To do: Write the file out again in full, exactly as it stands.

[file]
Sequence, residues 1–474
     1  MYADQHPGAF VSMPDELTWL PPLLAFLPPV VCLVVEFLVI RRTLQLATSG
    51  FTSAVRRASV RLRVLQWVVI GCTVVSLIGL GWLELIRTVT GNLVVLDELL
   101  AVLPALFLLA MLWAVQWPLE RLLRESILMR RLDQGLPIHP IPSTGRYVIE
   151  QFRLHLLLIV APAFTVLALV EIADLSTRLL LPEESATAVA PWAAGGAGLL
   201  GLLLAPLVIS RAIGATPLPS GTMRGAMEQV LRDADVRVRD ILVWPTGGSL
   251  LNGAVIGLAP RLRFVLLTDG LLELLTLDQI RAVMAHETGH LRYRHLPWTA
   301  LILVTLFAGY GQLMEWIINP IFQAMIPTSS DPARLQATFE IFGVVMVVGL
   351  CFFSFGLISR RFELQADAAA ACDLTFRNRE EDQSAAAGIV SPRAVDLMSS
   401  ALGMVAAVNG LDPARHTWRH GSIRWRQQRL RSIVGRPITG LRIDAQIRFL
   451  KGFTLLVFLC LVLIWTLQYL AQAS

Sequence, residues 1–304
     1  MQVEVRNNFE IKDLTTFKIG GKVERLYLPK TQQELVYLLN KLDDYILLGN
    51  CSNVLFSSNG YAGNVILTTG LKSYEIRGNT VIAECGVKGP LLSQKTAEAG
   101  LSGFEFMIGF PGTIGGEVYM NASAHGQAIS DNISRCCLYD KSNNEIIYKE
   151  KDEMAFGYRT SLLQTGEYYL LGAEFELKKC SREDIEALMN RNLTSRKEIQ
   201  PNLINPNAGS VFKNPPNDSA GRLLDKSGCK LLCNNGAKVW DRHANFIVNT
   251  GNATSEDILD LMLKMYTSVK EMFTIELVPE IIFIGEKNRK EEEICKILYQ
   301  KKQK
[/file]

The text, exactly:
Sequence, residues 1–474
     1  MYADQHPGAF VSMPDELTWL PPLLAFLPPV VCLVVEFLVI RRTLQLATSG
    51  FTSAVRRASV RLRVLQWVVI GCTVVSLIGL GWLELIRTVT GNLVVLDELL
   101  AVLPALFLLA MLWAVQWPLE RLLRESILMR RLDQGLPIHP IPSTGRYVIE
   151  QFRLHLLLIV APAFTVLALV EIADLSTRLL LPEESATAVA PWAAGGAGLL
   201  GLLLAPLVIS RAIGATPLPS GTMRGAMEQV LRDADVRVRD ILVWPTGGSL
   251  LNGAVIGLAP RLRFVLLTDG LLELLTLDQI RAVMAHETGH LRYRHLPWTA
   301  LILVTLFAGY GQLMEWIINP IFQAMIPTSS DPARLQATFE IFGVVMVVGL
   351  CFFSFGLISR RFELQADAAA ACDLTFRNRE EDQSAAAGIV SPRAVDLMSS
   401  ALGMVAAVNG LDPARHTWRH GSIRWRQQRL RSIVGRPITG LRIDAQIRFL
   451  KGFTLLVFLC LVLIWTLQYL AQAS

Sequence, residues 1–304
     1  MQVEVRNNFE IKDLTTFKIG GKVERLYLPK TQQELVYLLN KLDDYILLGN
    51  CSNVLFSSNG YAGNVILTTG LKSYEIRGNT VIAECGVKGP LLSQKTAEAG
   101  LSGFEFMIGF PGTIGGEVYM NASAHGQAIS DNISRCCLYD KSNNEIIYKE
   151  KDEMAFGYRT SLLQTGEYYL LGAEFELKKC SREDIEALMN RNLTSRKEIQ
   201  PNLINPNAGS VFKNPPNDSA GRLLDKSGCK LLCNNGAKVW DRHANFIVNT
   251  GNATSEDILD LMLKMYTSVK EMFTIELVPE IIFIGEKNRK EEEICKILYQ
   301  KKQK